Black, Pink, Gray, Brown, Green
The Under Armour UA HOVR Phantom is a neutral runner designed to combine flexibility and cushioning.
New Balance 860v9
New Balance 860v9
Black with Magnet, Ice Blue with Pink Zing
The New Balance 860v9 has sustained cushioning that supports stability over long distances.
Mizuno Wave Rider 22
Mizuno Wave Rider 22
Nautical Blue, Black Gold, Monument
The Mizuno Wave Rider 22 has a mesh upper and allows for runners to have a soft landing.
Asics Gel-Nimbus 20 (2E)
Asics Gel-Nimbus 20 (2E)
Blue Print/Race Blue, Black/White/Carbon
The Asics Gel-Nimbus 20 (2E) has a foam top layer and gender-specific cushioning.

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Types of running shoes

There are several general types of running shoe, each designed for different environments. Consider where you will be wearing your new trainers. If you are a complete novice and aren't sure yet how you'll be using your new kicks, check out our beginner's guide to running.

TypeDescriptionDesigned for
Road runningLight and flexible with cushion and stability for hard surfaces.Running on pavement and packed surfaces.
Trail runningAdditional tread offers more traction and stability for uneven surfaces.Off-road running on uneven surfaces such as mud, rocks and gravel.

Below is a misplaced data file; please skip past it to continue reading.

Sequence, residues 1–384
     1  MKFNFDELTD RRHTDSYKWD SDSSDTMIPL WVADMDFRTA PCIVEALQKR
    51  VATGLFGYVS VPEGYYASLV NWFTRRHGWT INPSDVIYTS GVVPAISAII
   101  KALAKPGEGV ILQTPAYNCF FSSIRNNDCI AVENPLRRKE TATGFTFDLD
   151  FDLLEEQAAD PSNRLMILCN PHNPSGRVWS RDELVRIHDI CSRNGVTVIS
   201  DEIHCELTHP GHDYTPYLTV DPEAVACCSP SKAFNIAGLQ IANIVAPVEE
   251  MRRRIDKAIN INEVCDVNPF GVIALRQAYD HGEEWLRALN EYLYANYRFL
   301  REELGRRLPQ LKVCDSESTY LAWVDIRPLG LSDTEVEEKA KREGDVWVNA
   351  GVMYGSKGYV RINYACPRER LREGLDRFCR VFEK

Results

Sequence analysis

Cross-trainingGives you more contact with the ground for added balance.Balance-based gym or CrossFit workouts.
Barefoot/minimalist runningMakes the mid-foot hit the ground first, as it does not have the elevated cushion of traditional trainers that causes the heel to strike first.Those who pronate and those who prefer a more natural running style.


You can also compare different categories of running shoes based on cushioning, control and stability. Each type is designed to correct or complement one of three pronation types: overpronation, neutral pronation or underpronation.


  • An exaggeration of the inward rolling of the foot. Overpronation can lead to knee injury if left uncorrected.

Neutral pronation

  • When the foot does not excessively roll inwards or outwards.

Underpronation or supination

  • An exaggerated outward rolling of the foot. Those who underpronate need shoes with additional cushioning as they land on the outside edge of the foot, causing more pressure on the leg. Underpronation is less common than overpronation.

Now that you're more aware of how you run or walk, check out the best types of running shoes for your pronation type: